Assume that a conventional keyboard wedge bar code scanner is connected to a keyboard controller port of a PC or laptop, as shown in FIG. 1, while, at the same time, the keyboard that is connected in the parallel (Y) configuration is eliminated. Will the hardware configuration of FIG. 1 still function as desired? It is important to realize that keyboard-to-PC communications is implemented by means of a 2-way channel. Other types of data must be communicated between the PC and the keyboard in addition to information specifying the key or keys that were pressed. When a PC is powered up, the PC is programmed to check for the existence of a primary data input device, which is typically a keyboard. The PC begins a data exchange with the keyboard, and this communication is called “power-on diagnostics”. If the keyboard is not present, or if the power-on diagnostics fail, the PC will not boot up. Accordingly, if a normal boot-up is desired, the keyboard shown in FIG. 1 should not be eliminated. In the case of laptop computers, a similar situation exists. A communication protocol is used to sense the presence of an external keyboard that is connected to the laptop's external keyboard port. If the laptop computer fails to detect a keyboard at the external keyboard port, then the laptop computer may disable its external keyboard port.

Even if a technique were to be developed by which a bar code scanner could successfully emulate a computer keyboard during boot-up, another problem would then arise. Eleven (11)-bit transmission protocols are utilized almost universally to provide keyboard to PC data transfer. The transmission protocol begins with a Start bit (low), followed by 8 data bits (these bits represent a scan code which, in turn, could be used to represent a portion of a detected bar code or a key press), a Parity bit (odd parity) and finally a Stop bit (high). Three of these 11-bit “bytes” are used to represent a “character”. Problems arise because this protocol allows the PC (or laptop) to interrupt the transmitted sequence up through the 9th bit.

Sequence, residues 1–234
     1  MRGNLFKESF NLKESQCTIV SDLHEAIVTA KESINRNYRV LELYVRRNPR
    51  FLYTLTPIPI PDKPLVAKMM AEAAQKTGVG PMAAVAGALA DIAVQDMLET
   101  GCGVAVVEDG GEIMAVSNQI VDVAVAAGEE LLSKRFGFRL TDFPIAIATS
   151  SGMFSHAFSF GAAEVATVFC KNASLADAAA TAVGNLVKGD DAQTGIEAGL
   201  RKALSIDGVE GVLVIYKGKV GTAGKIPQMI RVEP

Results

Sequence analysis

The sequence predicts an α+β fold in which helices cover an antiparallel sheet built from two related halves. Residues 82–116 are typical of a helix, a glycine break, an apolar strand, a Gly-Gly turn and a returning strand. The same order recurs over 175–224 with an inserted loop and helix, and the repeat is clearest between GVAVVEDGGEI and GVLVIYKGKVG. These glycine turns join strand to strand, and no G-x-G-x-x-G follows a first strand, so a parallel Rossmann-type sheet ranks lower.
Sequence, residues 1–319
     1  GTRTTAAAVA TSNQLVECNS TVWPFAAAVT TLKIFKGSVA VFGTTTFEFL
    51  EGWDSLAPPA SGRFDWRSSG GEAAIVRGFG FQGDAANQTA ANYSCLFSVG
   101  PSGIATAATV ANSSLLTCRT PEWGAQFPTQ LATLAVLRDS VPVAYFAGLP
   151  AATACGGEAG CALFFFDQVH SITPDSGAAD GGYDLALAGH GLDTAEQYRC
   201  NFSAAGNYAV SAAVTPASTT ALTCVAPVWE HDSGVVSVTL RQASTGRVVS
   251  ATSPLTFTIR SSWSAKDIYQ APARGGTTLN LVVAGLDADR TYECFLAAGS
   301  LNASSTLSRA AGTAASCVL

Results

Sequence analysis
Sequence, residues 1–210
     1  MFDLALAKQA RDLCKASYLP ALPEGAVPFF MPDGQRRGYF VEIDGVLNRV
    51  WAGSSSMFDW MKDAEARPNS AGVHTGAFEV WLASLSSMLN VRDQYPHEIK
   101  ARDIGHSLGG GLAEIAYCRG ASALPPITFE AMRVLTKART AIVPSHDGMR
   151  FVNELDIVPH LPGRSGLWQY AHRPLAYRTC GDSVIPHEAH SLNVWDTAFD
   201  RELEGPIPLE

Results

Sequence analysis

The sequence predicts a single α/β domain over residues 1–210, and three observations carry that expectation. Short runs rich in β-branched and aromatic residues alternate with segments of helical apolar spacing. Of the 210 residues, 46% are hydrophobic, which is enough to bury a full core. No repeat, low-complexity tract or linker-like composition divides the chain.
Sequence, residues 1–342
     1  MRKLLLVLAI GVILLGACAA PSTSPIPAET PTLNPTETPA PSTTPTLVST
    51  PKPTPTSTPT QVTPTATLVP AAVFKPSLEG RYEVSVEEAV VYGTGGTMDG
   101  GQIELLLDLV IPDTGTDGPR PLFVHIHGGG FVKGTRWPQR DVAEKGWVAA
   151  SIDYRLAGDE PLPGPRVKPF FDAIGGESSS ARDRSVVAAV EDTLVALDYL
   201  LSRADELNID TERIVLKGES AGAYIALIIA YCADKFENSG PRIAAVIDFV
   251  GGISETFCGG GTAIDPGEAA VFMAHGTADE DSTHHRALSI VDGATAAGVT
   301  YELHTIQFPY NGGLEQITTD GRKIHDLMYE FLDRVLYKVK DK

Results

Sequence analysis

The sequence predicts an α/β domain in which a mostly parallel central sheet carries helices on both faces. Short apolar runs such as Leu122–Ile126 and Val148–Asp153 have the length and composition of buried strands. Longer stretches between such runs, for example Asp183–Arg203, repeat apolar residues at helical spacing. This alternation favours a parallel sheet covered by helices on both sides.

If the keyboard 110 or keyboard wedge scanner (i.e., bar code scanner 108) begins transmitting a data byte, the PC can prevent the successful communication of that byte, up to and including the 9th th transmitted bit. To make matters worse, a typical bar code includes a sequence of several 3-byte characters. An interruption at any time during transmission of that sequence will result in loss or corruption of the entire bar code. This keyboard inhibit problem is described in greater detail in a reference book entitled, “PC KEYBOARD DESIGN”, by J. Konzak, and published by Annabook.

With the advent of multitasking operating systems, sophisticated network operating systems, and dual-keyboard port laptops and PC's, the problem worsens. Some of these operating systems interrupt keyboard port communications on a frequent and periodic basis, such as once every ten milliseconds. Of course, in operational environments where the keyboard controller port is not used with an auxiliary input devices, the computer keyboard will sense this stoppage of communications and retransmit the scan code after the PC releases its halt or inhibit of the keyboard. Existing bar code scanners are not so equipped. If a data transmission from a bar code scanner is interrupted, the scanner has no mechanism by which to ascertain whether or not a data entry error has occurred.

Existing scanners do not monitor for the existence of an inhibit signal, so the scanner cannot infer a data entry error based upon the existence of an inhibit. Pursuant to prior art techniques, bar code scanners had not monitored the inhibit signal because the decoded bar codes were wedged into the transmitted data for brief periods of time, relative to typed-in keyboard data. Also, as a practical matter, the keyboard BIOS virtually never inhibits the keyboard during scan code transmission. Any problems that may have been encountered were handled by changing certain programmable parameters such as inter-character delays or inter-scan-code delays.

In some existing wedge scanner systems, PC 100 maintains control over keyboard control port communications. After all, the PC is equipped to inhibit keyboard transmission at any time by sending out a “keyboard inhibit” signal. However, a bar code scanner 108 could also be programmed to inhibit the keyboard, and some presently-existing bar code scanners are programmed take advantage of this fact.